ESPE Abstracts (2014) 82 P-D-2-1-372

Longitudinal Development of Adiponectin in Early Childhood and the Influence of Breastfeeding and Essential Fatty Acid Status

Josefine Roswalla, Emma Kjellberga, Birgitta Strandvikb & Jovanna Dahlgrena


aDepartment of Pediatrics, Institute of Clincal Sciences, University of Gothenburg, Gothenburg, Sweden; bDepartment of Biosciences and Nutrition, Karolinska Institute, Stockholm, Sweden


Background: Adiponectin is an adipokine related to insulin sensitivity. In adults and older children adiponectin correlates inversely to BMI, insulin resistance, and cardiovascular risk. Less is known about these relationships in early childhood.

Objective and hypotheses: To explore the longitudinal development of adiponectin and correlations to early feeding patterns and serum essential fatty acids.

Method: 324 term infants were followed from birth to 3 years of age. Adiponectin was measured in cord, at 4, 12, and 36 months of age. Feeding practices were collected through questionnaires. In a subgroup of 92 infants essential fatty acid status in cord, serum at 2 days, 4, 12 and 36 months and breast-milk at 4 months were determined. Length and weight were measured.

Results: Mean (S.D.) adiponectin levels were significantly higher in cord blood and at 4 months (33 (12.8) vs 36 (12.5)) compared with a significant lowering thereafter (18 (7.3) and 14 (5.3), P<0.001). No significant gender difference was found except for significant lower adiponectin levels in females at 12 months of age. Feeding patterns at 4 months of age did not influence adiponectin levels. A significant negative correlation was found between omega-6/omega-3 (n-6/n-3)-ratio in cord blood and serum adiponectin levels at 36 months (r=−0.36 P<0.05). Eicosapentaenoic acid plus docosahexaenoic acid (EPA+DHA) in serum at two days correlated with adiponectin levels at 12 and 36 months (r=0.31 P<0.05). There was a strong correlation between the serum LC-PUFAs at 4 months and in breast-milk (r=0.68, P<0.001). Serum n-6/n-3-ratio differed between exclusive breast-fed infants and mixed/formula-fed infants 5.6 (1.2) vs 6.9 (2.5), P<0.001).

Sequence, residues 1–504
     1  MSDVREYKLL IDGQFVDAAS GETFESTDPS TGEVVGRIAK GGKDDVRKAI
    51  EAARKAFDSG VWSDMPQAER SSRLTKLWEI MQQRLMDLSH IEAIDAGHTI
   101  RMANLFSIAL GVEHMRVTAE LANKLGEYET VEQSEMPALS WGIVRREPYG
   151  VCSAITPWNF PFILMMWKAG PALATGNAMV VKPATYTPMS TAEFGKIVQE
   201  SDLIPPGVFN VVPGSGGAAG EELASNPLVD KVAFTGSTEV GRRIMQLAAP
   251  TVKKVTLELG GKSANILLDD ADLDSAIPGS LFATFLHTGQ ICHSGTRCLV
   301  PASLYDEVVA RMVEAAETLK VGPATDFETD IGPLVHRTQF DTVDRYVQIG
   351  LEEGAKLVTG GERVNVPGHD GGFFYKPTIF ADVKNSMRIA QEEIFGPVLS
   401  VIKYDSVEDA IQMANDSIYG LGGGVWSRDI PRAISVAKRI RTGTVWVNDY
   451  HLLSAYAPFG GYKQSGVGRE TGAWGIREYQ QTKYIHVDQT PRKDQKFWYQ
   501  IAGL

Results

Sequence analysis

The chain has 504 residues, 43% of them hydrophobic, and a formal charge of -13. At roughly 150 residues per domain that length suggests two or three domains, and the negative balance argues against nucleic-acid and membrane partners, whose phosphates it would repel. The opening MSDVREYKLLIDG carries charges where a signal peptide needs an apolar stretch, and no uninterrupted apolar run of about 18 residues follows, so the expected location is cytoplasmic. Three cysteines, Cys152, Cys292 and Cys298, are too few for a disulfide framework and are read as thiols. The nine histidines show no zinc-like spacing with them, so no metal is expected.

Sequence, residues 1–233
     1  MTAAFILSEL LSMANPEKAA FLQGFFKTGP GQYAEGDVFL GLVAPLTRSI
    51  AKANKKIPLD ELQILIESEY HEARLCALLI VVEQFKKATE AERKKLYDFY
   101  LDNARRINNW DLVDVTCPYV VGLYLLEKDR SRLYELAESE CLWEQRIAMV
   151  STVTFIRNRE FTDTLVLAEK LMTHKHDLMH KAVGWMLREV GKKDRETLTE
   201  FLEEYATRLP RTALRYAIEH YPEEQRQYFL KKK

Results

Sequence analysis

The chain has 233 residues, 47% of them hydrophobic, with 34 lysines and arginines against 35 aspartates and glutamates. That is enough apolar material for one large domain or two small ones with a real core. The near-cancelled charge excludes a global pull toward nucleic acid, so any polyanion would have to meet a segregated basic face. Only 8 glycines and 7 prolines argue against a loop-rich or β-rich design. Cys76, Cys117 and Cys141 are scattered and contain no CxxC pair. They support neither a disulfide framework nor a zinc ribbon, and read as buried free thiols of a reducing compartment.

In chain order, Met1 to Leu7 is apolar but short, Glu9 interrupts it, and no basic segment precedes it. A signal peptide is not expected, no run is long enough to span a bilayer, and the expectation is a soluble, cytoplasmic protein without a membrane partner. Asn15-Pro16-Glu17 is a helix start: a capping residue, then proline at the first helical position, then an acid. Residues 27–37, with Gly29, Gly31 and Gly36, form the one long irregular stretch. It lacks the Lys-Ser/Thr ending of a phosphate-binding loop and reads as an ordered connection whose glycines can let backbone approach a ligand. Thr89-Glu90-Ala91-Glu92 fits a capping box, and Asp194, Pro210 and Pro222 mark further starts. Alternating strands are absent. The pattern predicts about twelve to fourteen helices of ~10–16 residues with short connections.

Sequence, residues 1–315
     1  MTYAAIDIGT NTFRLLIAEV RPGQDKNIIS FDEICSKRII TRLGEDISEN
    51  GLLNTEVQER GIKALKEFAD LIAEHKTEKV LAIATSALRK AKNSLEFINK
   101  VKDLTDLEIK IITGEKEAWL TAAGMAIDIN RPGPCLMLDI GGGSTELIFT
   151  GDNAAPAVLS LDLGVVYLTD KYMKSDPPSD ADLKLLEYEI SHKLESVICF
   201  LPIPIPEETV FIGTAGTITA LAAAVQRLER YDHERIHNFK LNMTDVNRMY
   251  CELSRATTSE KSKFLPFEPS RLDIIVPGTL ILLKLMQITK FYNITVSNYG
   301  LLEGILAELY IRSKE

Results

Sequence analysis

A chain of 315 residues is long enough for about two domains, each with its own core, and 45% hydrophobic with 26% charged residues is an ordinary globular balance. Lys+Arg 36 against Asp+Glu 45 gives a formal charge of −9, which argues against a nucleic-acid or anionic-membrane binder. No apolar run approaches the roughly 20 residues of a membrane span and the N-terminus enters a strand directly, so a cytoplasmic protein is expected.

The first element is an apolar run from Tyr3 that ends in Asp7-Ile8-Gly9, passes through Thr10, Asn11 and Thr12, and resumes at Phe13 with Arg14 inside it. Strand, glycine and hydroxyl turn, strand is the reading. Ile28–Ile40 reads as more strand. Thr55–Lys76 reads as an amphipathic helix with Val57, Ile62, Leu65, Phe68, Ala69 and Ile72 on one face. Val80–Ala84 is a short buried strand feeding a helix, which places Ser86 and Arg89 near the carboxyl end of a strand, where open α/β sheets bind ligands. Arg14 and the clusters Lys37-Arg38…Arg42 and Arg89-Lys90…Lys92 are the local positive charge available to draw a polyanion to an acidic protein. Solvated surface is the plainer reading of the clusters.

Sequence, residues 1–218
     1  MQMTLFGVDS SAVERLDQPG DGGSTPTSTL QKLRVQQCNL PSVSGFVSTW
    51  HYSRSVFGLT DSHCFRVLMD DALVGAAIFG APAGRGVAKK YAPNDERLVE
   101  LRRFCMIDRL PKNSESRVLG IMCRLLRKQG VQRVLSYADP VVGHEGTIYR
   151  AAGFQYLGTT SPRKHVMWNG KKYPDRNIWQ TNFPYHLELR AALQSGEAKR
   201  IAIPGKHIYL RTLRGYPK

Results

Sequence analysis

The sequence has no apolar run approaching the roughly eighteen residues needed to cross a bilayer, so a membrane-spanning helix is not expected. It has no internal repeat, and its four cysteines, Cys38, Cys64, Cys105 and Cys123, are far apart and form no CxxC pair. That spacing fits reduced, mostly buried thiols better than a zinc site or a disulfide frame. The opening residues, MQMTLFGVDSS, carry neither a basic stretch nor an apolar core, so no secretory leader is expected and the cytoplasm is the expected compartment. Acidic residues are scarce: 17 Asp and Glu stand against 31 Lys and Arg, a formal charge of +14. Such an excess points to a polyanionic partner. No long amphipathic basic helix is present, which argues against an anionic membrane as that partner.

Conclusion: Term infants present with high adiponectin levels at birth, lowering after 4 months of age. Essential fatty acid status at birth predict adiponectin levels at 36 months of age and may suggest early programming of later insulin sensitivity.

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